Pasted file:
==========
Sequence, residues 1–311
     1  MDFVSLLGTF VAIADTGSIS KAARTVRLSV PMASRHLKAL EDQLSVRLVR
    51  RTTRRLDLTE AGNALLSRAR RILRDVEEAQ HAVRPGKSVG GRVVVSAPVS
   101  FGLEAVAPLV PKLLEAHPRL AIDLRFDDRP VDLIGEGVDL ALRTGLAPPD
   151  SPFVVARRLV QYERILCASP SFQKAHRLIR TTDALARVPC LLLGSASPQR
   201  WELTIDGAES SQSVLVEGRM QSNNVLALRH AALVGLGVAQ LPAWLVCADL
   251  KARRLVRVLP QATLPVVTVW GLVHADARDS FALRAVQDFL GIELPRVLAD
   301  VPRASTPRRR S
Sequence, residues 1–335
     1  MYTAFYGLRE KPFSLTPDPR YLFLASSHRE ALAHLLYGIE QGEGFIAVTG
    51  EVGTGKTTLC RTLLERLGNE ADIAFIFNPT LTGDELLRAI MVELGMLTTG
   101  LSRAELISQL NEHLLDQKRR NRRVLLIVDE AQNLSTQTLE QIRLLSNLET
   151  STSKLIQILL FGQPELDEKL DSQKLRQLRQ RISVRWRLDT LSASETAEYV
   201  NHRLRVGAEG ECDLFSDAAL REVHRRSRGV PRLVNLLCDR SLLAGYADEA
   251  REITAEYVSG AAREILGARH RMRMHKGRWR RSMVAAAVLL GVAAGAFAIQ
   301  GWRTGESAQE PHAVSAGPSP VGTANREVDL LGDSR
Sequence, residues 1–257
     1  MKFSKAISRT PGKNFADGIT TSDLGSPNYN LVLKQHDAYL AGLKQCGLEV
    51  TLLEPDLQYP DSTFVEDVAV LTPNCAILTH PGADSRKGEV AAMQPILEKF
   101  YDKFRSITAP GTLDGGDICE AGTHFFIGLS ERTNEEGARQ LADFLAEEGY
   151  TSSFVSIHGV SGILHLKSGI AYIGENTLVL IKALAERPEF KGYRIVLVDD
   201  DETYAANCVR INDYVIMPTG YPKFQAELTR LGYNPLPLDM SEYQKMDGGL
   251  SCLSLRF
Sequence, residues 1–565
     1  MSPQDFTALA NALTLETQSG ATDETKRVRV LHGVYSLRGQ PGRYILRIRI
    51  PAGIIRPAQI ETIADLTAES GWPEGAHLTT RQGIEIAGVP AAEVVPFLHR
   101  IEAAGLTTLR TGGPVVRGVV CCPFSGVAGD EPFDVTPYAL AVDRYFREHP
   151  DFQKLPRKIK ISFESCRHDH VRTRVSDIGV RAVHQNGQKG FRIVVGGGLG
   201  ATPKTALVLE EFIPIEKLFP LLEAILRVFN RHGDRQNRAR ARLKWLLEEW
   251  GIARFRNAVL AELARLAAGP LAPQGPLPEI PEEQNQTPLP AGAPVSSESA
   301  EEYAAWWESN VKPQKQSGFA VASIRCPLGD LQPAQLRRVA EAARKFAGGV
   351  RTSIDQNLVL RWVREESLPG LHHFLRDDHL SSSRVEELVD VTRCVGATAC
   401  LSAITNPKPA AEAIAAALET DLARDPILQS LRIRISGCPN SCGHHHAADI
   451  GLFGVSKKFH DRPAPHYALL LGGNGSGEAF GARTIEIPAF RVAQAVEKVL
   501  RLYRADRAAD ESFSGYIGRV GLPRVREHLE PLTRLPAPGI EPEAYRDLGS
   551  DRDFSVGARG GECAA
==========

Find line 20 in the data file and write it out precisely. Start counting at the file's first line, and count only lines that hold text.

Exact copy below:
   101  YDKFRSITAP GTLDGGDICE AGTHFFIGLS ERTNEEGARQ LADFLAEEGY